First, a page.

Early insulin therapy in patients with type 2 diabetes mellitus
Type 2 diabetes mellitus (T2DM) is a progressive disease characterised by beta cell dysfunction and insulin resistance. Beta cell dysfunction progresses to beta cell failure. Many patients with T2DM are managed with oral agents until complications develop. ‘Clinical inertia’ in T2DM, defined as lack of initiation or intensification of therapy when clinically indicated, is common among clinicians. Patients are exposed to hyperglycaemia for a long time resulting in glucotoxicity to beta cells, leading to further beta cell deterioration. The traditional approach to the management of T2DM is lifestyle change, diet, exercise, weight loss, oral agents and, lastly, insulin. This traditional approach is usually carried out step-by-step and at a slow pace, with insulin offered as a last option. By the time insulin therapy is initiated, complications have already developed. It is, therefore, important for clinicians to be aware of the importance of initiating insulin therapy early to prevent poor glycaemic control and the development of diabetes-related complications.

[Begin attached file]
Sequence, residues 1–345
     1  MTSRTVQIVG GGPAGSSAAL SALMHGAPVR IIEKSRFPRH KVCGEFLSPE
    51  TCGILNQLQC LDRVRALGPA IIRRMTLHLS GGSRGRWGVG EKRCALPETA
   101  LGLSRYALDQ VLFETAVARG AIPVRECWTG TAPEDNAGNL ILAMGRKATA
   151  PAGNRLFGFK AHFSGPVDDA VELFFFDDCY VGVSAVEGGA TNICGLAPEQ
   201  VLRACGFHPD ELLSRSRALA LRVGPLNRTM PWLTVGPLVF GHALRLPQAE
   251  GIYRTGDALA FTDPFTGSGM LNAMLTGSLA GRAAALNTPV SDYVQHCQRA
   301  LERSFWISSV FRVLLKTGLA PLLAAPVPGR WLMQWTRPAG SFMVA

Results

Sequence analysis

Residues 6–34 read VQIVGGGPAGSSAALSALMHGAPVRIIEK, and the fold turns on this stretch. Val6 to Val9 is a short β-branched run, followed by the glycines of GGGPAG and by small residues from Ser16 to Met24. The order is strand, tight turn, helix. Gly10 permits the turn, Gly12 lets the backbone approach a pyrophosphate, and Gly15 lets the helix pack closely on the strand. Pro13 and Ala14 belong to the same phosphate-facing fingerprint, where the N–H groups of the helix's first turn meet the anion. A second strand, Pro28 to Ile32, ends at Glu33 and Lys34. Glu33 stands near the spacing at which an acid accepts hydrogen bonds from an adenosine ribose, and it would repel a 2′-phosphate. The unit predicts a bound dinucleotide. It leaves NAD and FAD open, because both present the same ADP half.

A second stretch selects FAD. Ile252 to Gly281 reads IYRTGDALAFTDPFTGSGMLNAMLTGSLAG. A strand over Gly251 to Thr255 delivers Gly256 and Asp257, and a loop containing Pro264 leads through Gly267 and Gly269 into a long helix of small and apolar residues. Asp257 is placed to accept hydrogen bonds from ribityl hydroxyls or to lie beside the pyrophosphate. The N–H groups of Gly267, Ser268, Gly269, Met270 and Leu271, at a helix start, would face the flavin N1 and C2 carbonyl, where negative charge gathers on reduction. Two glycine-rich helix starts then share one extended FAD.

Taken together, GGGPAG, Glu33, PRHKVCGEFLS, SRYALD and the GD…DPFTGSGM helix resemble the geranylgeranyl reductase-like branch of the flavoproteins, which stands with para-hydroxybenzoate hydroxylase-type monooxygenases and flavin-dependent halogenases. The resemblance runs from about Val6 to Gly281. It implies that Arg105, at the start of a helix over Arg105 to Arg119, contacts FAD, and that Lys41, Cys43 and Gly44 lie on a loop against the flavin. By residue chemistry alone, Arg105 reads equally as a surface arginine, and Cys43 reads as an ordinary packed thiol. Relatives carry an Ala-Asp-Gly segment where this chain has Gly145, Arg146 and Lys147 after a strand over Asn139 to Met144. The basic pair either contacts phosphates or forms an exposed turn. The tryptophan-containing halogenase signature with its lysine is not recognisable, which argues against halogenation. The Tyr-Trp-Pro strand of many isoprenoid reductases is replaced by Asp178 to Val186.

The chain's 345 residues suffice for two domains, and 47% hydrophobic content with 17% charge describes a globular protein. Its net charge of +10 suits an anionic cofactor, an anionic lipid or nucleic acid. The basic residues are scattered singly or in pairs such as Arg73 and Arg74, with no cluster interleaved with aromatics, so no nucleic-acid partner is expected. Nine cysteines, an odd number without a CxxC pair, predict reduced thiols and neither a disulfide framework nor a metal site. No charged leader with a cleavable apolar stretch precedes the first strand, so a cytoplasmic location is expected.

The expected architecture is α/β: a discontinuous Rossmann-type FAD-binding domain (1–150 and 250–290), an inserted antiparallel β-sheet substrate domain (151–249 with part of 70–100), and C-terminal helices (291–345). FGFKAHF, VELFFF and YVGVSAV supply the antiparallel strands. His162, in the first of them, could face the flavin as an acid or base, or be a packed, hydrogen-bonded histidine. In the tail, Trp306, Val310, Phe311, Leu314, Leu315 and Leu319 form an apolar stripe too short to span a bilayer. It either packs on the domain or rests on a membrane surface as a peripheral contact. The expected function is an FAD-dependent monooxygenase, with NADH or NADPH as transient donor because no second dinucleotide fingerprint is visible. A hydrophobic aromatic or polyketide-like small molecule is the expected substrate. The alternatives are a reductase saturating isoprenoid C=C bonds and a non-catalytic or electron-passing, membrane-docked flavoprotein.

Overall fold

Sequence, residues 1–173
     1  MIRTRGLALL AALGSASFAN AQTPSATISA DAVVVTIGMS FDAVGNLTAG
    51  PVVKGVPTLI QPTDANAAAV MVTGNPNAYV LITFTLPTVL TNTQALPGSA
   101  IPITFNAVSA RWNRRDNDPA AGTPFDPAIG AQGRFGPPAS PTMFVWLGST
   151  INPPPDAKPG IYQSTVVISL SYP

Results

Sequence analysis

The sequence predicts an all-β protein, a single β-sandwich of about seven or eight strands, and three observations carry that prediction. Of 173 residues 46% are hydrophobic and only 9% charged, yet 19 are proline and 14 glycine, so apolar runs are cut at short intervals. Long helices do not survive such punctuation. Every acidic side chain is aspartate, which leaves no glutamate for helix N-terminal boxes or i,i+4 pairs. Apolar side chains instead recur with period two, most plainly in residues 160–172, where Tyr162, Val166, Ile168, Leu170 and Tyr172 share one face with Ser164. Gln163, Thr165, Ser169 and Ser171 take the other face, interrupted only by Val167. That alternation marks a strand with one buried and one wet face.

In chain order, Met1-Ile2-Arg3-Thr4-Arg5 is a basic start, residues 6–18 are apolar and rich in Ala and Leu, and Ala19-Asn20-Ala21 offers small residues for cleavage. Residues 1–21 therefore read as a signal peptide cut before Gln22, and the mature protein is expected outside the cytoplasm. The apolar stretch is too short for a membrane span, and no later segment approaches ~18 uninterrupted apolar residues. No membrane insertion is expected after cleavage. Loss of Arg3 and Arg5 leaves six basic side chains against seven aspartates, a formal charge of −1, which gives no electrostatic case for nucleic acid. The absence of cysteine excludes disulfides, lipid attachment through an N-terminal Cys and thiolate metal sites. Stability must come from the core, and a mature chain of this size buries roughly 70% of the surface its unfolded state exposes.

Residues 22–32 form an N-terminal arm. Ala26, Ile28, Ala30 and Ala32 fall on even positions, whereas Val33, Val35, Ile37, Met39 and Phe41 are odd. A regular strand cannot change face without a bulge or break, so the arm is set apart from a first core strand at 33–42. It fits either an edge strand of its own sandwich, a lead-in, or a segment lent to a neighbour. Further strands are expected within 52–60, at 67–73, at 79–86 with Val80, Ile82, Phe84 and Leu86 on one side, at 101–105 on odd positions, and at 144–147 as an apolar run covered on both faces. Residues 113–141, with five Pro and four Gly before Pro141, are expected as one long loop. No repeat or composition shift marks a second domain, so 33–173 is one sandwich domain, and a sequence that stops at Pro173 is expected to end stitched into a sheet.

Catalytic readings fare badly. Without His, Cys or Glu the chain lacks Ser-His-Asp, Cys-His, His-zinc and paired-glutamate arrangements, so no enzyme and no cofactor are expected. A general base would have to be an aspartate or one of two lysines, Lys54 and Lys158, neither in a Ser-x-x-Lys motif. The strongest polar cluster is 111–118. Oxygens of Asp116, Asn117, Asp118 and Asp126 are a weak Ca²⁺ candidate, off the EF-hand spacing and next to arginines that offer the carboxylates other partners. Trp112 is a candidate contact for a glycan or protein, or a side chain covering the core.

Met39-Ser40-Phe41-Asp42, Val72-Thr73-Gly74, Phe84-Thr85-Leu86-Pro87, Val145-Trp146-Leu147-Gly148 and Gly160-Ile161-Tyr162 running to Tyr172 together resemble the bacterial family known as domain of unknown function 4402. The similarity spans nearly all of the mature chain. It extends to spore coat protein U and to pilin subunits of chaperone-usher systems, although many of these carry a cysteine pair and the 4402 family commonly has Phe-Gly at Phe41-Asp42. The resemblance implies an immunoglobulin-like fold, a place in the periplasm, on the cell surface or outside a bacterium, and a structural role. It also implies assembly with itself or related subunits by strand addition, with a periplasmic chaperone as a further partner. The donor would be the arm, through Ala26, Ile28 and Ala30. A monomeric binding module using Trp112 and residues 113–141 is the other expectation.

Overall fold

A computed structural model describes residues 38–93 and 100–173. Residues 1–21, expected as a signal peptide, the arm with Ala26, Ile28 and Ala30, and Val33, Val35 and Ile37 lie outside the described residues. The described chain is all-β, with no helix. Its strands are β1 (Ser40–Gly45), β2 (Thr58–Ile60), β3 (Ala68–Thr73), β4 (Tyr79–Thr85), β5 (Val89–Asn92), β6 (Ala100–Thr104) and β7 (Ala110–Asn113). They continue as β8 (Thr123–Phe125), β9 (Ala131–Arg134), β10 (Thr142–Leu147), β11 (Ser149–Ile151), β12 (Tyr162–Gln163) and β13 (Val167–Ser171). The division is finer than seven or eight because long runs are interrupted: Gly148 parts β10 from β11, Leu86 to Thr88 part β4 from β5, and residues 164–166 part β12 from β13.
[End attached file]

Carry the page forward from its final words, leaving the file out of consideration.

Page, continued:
Material submitted for publication in the Journal of Endocrinology, Metabolism and Diabetes of South Africa (JEMDSA) is accepted provided it has not been published elsewhere. JEMDSA reserves copyright of the material published. Neither JEMDSA nor the Publisher may be held responsible for statements made by the authors.